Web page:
When I was elected to the Oregon House of Representatives last November, I had no way to know that nine months later I’d have the opportunity to help Oregon solve problems that have been festering for decades.
But this week I’ll be joining with my colleagues to consider reforms that could profoundly benefit families and communities across the state. If approved, these reforms will end decades of budget uncertainty and finally allow the state to make strategic new investments in our schools and universities, health care systems and public safety agencies.
The package under consideration will also contain costs, reform PERS, and provide taxpayer relief. Our goal, now within reach, is to streamline the state budget and move toward a tax system that is stable, equitable and adequate.
This is an extraordinary opportunity to bring labor, business, education, budget hawks and taxpayers together to stabilize Oregon’s financial future.
Here are the plan elements:
Oregon’s ongoing budget struggles are the result of a fundamental, structural imbalance between existing revenue streams and the needs of the state. In short, the tax system that we created nearly 100 years ago is no longer adequate or equitable.
Over time, corporate income tax has declined as a share of the income tax revenue from about 18 percent in the mid-70s to about 6 percent today. The income tax burden has shifted from corporations to individuals. Furthermore, over-dependence on personal and corporate income taxes creates instability in times of economic fluctuations.
The proposal at hand would eliminate the current corporate income tax and initiate a Commercial Activities Tax (CAT). The CAT, a gross receipts tax on sales and services, would be imposed on a broad base of businesses at a very low tax rate; proceeds would be largely dedicated to education, including pre-school, K-12 and higher education.
Businesses with less than $3 million in receipts (92 percent of all entities) would pay $250; those above would pay a tiered rate based on the type of industry, ranging from 0.15 percent for agriculture and forestry up to 0.75 percent for services.
The proposal creates a tax system that responds to the unique needs of different business sectors and dramatically simplifies Oregon’s outdated business tax structure. The Byzantine corporate tax code would be reduced to about one page.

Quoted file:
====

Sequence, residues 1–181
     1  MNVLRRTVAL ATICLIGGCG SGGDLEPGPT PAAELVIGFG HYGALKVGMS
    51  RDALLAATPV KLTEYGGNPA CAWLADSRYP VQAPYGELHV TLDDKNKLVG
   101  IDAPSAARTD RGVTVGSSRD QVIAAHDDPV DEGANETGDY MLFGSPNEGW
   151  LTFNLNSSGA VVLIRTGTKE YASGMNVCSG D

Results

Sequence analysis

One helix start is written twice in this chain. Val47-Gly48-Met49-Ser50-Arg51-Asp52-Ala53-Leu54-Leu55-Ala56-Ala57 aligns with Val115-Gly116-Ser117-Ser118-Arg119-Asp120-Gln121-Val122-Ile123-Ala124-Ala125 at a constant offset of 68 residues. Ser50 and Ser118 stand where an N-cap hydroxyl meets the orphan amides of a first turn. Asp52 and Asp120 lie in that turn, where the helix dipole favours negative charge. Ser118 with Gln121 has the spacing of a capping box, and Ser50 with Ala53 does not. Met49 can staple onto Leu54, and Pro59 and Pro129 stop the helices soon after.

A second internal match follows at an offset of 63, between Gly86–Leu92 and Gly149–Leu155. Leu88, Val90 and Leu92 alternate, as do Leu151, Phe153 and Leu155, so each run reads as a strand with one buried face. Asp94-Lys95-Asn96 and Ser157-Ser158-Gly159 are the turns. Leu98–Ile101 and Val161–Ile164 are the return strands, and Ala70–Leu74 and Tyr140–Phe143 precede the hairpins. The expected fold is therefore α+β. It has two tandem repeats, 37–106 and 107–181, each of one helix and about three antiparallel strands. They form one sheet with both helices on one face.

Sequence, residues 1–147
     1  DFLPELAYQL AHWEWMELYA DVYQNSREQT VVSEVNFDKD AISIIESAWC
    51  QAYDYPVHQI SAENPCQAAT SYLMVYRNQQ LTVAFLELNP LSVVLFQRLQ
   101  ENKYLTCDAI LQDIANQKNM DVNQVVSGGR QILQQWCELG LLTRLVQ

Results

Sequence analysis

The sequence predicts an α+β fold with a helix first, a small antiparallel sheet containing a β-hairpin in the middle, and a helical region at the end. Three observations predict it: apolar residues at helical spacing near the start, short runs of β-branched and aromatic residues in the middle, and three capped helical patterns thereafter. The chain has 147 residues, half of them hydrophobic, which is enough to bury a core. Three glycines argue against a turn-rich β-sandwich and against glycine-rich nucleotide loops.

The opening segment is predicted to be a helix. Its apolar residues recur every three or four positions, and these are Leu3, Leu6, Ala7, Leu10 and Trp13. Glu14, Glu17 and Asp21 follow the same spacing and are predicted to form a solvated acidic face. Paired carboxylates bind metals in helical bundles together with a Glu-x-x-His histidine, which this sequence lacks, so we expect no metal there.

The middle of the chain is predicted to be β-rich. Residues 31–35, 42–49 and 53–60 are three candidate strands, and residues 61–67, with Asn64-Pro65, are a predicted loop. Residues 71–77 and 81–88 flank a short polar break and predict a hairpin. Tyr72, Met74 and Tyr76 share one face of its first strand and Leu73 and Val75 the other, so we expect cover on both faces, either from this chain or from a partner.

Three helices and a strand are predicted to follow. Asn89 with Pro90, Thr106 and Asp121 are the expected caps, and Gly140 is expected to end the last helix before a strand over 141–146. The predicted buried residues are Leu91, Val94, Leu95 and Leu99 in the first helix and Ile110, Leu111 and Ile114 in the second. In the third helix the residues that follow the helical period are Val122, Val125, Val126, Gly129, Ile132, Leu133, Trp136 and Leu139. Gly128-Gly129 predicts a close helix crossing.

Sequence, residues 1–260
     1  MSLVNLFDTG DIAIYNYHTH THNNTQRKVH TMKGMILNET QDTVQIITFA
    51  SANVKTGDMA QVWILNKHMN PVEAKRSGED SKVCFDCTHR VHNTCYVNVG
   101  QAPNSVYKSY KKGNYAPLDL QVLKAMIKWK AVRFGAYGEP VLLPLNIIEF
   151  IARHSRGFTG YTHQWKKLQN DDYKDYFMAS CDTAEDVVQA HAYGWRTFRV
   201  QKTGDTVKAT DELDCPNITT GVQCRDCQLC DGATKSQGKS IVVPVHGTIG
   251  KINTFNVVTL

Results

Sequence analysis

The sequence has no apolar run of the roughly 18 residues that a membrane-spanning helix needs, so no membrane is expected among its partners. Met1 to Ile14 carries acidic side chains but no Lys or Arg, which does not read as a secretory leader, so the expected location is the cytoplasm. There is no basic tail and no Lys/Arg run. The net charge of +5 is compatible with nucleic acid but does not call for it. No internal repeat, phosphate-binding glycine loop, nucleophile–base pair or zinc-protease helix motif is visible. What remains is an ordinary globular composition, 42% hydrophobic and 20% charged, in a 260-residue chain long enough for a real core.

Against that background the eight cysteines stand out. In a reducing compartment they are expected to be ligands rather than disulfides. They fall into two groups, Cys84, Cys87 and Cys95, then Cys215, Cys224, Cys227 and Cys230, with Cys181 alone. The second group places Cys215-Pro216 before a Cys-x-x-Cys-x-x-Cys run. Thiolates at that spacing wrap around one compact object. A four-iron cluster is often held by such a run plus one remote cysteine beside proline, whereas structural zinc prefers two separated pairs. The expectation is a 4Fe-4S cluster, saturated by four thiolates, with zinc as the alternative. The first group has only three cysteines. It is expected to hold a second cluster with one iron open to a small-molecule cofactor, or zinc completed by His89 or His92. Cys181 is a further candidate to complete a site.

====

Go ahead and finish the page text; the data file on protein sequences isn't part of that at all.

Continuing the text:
Recognizing that even a very low tax will affect consumers, the package would reduce income tax rates for low- and middle-income families.
Tax reform must be accompanied by strong measures to ensure that every dollar is being spent in the most effective and efficient manner. Accordingly, the Legislature has identified a list of cost containment initiatives that, when fully implemented, will save about $660 million per biennium.
Because of decisions made in the past, the state’s Public Employees Retirement System has become an increasing burden for our local and state government, which must pay constitutionally protected benefits to retirees. The PERS reform under consideration would divert a portion of each employee’s salary to help fund employer PERS costs.
The package described above would produce approximately $900 million in additional revenue for this biennium. Obviously, this could be a game changer for our schools and universities. For the first time since Measure 5 passed in 1990, we would be able to invest in reducing class size or restoring a full school year.
Finally, after years of groping for solutions to our tax and revenue dilemmas, we are on the verge of success. We have a package of reforms that addresses every interest at the table. If we act now, we can adopt effective reforms and avoid an unpredictable initiative process.
For too long we’ve scrabbled budgets together and ignored Oregon’s fundamental problems. Now it’s time for the Legislature to step up and put Oregon on the path to a successful future.
— Rep. Pam Marsh, D-Ashland, represents District 5 in the Oregon House.